The Annapurna Self-Sustaining Orphan Home was a small building on a good sized lot with a large garden, 3 goats, 1.5 cows, and a pregnant buffalo. Usually chickens were present as well, 200 on the last round and an expected 700 forthcoming, but we arrived only to find a empty coop. They ran the same methane gas and fertilization system as at our home stay. At the time we visited there were 22 kids ranging in ages from 2.5 to 13, mostly younger than older. Sensing new blood they immediately swarmed and without hesitation attacked the human jungle gym that is Peter and Meghan. We each were surrounded and had more kids climbing on us than we could possibly hold. As the initial dizziness faded away I focused in on the general chaos that was happening all around me. It looked like the smaller kids were human snot factories and keeping the constantly runny noses clean was a full time job. Toilet training a work in progress and occasionally one could see the younger boys running around naked while decorating the place with erratic streams of urine, sometimes wile still on the run from an un-approving house mother! The clothing was a hodgepodge that was well used and communally shared. Trying to keep it on the kids was a whole other issue. The little ones had no problem taking it off but were completely incapable of putting it back on without adult supervision. Impromptu games played with balls made from rubber bands tied together sprang up in a small dirt patch that was not taken up by the sprawling garden. It was obvious that they barely had enough to get by on, and did all that they could to make ends meet. Their were no cupboards full of food in the kitchen, no shelves stocked with books, or closets with balls and kids games to play with. Despite this everyone came off as incredibly happy and optimistic. All this was run by the 32 year old Sarada and 3 incredibly hard working house mothers. Sarada was the visionary and the House mothers, Hari, Bati, and Kishna, were the backbone of the operation. They were not short on love but in the first few days it felt like that was all we were capable of giving. The house Mothers were resistant to giving us tasks to complete and Sarada simply told us to do as we pleased. This brought on feelings of worthlessness and at first we felt a great disparity between the help we were providing and the added strain on the orphanage that our presence created. After a few days we were able to settle into a routine and pick up on some chores to help out. We also realized that just being with the kids, as part of a constant presence of volunteers, showed them that they were cared for and loved in a world that in some ways had not been so kind to them.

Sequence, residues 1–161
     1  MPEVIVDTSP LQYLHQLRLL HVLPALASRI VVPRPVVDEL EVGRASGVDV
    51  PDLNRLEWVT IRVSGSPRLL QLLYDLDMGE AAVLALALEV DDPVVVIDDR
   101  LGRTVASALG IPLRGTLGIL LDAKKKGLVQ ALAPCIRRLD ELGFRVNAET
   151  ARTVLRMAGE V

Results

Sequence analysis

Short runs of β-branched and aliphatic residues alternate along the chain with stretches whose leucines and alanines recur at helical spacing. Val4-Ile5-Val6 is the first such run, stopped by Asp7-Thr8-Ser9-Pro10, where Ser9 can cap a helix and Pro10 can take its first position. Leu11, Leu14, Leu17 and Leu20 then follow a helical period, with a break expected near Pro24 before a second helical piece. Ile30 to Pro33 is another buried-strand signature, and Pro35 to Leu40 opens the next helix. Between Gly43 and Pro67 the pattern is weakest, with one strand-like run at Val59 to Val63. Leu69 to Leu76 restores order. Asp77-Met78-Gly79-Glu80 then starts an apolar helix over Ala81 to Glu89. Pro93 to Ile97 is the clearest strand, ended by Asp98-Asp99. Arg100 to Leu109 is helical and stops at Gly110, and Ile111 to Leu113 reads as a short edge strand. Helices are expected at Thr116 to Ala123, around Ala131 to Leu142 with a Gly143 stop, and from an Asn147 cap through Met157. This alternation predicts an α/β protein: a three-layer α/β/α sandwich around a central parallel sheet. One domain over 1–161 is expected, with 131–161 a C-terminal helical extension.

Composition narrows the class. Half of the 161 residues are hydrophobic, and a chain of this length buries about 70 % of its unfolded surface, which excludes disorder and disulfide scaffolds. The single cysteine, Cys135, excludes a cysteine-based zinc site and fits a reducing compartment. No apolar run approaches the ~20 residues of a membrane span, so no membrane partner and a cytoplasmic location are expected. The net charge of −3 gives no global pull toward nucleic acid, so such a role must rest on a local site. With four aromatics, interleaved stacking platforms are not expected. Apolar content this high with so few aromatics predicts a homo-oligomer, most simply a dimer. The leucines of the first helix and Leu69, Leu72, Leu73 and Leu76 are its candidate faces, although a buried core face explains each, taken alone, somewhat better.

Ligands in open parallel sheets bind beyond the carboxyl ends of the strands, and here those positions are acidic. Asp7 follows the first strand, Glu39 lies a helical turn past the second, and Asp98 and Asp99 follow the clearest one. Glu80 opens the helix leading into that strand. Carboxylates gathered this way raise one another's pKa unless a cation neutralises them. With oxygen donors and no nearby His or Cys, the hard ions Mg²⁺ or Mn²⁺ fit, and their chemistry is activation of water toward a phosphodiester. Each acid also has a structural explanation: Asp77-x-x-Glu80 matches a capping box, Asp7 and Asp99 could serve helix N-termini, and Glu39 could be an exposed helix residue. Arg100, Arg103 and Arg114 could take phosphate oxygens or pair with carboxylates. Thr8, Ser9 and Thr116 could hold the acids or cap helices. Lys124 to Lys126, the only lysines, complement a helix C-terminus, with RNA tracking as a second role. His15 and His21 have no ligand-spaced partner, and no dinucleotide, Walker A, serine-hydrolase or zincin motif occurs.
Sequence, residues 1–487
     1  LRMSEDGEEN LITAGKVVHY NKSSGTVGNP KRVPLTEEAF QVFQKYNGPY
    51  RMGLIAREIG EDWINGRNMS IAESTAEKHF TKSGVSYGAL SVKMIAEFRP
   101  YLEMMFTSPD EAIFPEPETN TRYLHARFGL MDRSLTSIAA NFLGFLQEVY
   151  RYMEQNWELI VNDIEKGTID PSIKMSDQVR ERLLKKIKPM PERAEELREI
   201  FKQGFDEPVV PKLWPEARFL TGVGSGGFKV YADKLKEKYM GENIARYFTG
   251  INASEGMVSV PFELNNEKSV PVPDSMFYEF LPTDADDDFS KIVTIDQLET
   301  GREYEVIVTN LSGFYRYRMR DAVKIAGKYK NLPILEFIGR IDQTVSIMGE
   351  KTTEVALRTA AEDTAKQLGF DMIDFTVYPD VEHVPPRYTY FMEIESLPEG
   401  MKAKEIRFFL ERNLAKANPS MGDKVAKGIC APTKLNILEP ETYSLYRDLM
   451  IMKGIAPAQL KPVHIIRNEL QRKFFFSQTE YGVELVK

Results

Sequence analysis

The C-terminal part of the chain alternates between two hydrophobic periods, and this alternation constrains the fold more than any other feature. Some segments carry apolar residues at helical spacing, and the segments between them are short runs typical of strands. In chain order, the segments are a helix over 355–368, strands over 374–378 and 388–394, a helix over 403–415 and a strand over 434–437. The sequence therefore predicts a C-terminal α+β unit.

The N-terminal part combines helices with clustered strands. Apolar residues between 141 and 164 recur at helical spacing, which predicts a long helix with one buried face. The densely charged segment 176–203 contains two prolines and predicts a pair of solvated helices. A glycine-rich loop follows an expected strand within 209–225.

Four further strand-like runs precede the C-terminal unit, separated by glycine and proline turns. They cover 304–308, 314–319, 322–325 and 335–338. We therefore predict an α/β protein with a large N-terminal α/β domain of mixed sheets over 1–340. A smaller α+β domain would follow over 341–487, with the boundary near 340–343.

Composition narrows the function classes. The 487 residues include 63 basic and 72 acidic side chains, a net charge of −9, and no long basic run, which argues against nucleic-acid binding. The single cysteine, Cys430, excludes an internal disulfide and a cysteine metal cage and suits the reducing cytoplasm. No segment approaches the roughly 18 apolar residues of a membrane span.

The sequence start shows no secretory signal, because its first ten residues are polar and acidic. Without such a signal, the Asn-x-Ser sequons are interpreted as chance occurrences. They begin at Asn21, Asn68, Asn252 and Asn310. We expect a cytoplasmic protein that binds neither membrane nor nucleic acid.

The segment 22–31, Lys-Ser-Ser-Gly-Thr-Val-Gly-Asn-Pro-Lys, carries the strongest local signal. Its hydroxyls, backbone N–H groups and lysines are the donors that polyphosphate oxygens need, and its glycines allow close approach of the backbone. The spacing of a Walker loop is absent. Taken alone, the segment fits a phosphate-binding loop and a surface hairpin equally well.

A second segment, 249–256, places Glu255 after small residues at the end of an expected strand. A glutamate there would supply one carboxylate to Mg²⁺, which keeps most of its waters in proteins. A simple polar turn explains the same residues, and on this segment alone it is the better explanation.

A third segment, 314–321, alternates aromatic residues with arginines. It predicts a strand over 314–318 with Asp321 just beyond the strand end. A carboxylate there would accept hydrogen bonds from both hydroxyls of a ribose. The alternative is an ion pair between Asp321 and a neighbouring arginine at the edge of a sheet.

Back of the Orphanage, viewed from the cabbage patch